On Mon, Apr 07, 2008 at 11:20:10PM +0200, Joerg Jaspert wrote:
> On 11348 March 1977, Christoph Haas wrote:
> > The focus of mentors.debian.net is to host source packages that are
> > supposed to be sponsored. So it's not some weird multiverse non-free
> > binary warez repository or something. That doesn't ensure that some
> > packages being uploaded can't be redistributed of course. But the same
> > might happen with packages uploaded to ftp-master to be checked by the
> > FTP team.
> Thats the reason why NEW packages aren't visible to anyone except
> ftpteam members.
Do you fear legal problems? Those packages are not officially available
or endorsed by Debian. And since we threw away the uploaded binary
packages on mentors.debian.net I haven't heard of anyone downloading
those packages for their personal end-user use. I know that the binary
packages were downloaded happily back then and users complained about
the package quality. That made us think and so binary packages were not
available any more. Fortunately most end-uses are not capable of
building a binary package from a source package.
> >> Are you hardcoded to your solution? I wouldn't have a problem if we go
> >> and merge this into dak.ganneff.de
> > Honestly dak scares me a lot.
> Its pretty simple.
Then it must have changed a lot in the last years. Especially in terms
of documentation. I'm willing to give it another look then.
> dak is simple. Really.
> Also, you wouldnt have to do the setup.
I would have to deal with the setup for sure because it's the backend
for the software we are running on. The repository structure on
mentors.debian.net is accompanied by an SQL database contaning the meta
information for example (although that's of course a matter of concept
and not hewn in stone). Members can remove their own packages and
comment on them for example. This is likely just not the focus of dak.
> Well. I don't think you will get onto a debian.org machine in the near
> (or distant) future. I offer you a way out, but it needs dak.
I understand well that you prefer to join forces instead of re-inventing
the wheel. But the repository handling code at mentors.debian.net is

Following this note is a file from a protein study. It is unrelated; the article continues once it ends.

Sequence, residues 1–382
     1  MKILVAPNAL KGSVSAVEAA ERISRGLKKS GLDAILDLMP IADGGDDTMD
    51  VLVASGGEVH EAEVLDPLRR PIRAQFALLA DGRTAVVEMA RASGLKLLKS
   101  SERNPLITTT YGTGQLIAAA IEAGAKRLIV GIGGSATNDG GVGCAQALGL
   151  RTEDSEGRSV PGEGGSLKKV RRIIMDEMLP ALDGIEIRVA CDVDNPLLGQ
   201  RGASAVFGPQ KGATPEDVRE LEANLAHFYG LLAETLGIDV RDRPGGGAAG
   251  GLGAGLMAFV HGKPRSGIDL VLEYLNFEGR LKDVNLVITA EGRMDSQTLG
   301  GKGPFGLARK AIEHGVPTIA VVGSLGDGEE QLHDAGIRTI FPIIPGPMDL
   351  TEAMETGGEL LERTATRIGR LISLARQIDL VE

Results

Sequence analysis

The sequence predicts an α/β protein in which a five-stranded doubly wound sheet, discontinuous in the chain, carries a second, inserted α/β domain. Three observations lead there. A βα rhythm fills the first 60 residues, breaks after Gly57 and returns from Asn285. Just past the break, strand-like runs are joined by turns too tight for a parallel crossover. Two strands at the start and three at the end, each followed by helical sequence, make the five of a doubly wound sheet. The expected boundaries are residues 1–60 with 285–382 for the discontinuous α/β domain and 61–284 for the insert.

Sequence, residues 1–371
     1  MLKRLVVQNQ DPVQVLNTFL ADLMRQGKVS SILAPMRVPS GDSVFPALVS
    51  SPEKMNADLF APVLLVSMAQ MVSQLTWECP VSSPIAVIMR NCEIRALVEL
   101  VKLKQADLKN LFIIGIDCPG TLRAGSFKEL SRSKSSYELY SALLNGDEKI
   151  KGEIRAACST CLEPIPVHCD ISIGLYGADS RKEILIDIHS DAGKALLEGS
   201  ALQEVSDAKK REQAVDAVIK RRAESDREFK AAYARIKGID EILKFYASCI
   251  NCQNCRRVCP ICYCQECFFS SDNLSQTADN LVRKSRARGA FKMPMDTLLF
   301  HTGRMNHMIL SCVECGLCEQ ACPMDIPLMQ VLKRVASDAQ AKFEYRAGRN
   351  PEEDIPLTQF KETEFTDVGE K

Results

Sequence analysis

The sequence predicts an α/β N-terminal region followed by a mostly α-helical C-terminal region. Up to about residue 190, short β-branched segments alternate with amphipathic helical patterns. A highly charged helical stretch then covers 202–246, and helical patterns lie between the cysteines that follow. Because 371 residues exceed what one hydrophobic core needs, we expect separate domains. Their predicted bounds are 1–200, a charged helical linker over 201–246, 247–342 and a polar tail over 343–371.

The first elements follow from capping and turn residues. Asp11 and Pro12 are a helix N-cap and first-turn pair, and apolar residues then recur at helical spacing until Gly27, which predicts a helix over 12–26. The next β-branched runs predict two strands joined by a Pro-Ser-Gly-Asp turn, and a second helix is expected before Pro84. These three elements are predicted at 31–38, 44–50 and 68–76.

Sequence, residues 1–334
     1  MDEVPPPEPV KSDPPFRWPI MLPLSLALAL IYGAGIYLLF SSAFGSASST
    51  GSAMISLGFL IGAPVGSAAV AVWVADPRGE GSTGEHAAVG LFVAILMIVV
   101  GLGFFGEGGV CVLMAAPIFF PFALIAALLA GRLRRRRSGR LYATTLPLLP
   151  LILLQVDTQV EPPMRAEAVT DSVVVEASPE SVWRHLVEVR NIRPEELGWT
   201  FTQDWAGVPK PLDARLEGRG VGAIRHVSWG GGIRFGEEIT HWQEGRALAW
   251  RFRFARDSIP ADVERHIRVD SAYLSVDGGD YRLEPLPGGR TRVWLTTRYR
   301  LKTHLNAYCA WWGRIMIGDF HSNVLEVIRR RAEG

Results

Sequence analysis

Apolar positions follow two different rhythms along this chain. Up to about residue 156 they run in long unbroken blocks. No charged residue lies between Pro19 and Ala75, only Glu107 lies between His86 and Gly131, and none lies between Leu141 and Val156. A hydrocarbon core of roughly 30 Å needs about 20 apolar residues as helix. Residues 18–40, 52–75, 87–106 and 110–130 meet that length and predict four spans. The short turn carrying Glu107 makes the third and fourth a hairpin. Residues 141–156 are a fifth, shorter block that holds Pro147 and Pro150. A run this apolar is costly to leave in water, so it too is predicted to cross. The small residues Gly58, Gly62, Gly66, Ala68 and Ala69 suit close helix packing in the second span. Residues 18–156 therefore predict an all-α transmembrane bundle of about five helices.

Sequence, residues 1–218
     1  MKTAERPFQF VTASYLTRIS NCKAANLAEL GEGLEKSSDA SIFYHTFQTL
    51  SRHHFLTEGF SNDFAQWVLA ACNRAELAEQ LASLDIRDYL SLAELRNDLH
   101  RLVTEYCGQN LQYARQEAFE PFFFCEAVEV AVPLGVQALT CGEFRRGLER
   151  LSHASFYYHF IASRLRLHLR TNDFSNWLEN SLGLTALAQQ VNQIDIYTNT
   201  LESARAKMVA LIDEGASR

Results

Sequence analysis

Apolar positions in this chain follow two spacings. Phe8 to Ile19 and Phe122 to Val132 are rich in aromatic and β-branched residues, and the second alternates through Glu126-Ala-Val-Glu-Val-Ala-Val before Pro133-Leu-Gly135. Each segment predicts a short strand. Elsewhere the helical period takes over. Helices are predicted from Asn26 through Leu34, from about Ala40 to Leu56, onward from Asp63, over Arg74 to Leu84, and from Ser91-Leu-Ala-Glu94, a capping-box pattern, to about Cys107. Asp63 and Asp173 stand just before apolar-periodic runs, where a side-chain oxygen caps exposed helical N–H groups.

just a few KB of code. And since the "python-debian" package is around
we can even drop half of that (back then there was no existing code in
Python to parse control files for example). I assume that dak has more
sophisticated features to deal with multiple distributions, different
queues, override files etc. Thinking of mentors.debian.net we have one
distribution, no (or one) queues, no override files but a sophisticated
database and web system. The focus of mentors.debian.net is not
background processing of package uploads like but giving uploaders
control about their packages once they are uploaded. Discussion,
commenting, rating, automated QA checks etc. Implementing a few features
into dak might be a nice idea but it's a totally different beast IMHO.
I don't refuse to get my hands dirty with dak. But the way you put it
sounds like "screw your plans and enhance dak or good bye dot org". Bear
with me but that sounds like it will stay dot net for while. I don't
mind keeping the service running as dot net if it doesn't fit on dot org
> Now, what does mentors do that dak doesnt? It might be interesting to
> get that into dak too.
The sum of what is already implemented and what is intended for the
'debexpo' software is documented at the Summer-of-Code proposal page 
and the wiki page describing the result of the discussion on this list
some time ago . There is REVU and the PPAs and according to the
discussion with many people there are prospects for a "simple" but
comfortable and capable/pluggable software to publish packages on the
web. Be it source and/or binary packages. Be it with or without
automated QA checks. I would agree happily if we had a 90% intersection
in dak and debexpo. But I fail to see that. Both just carry the
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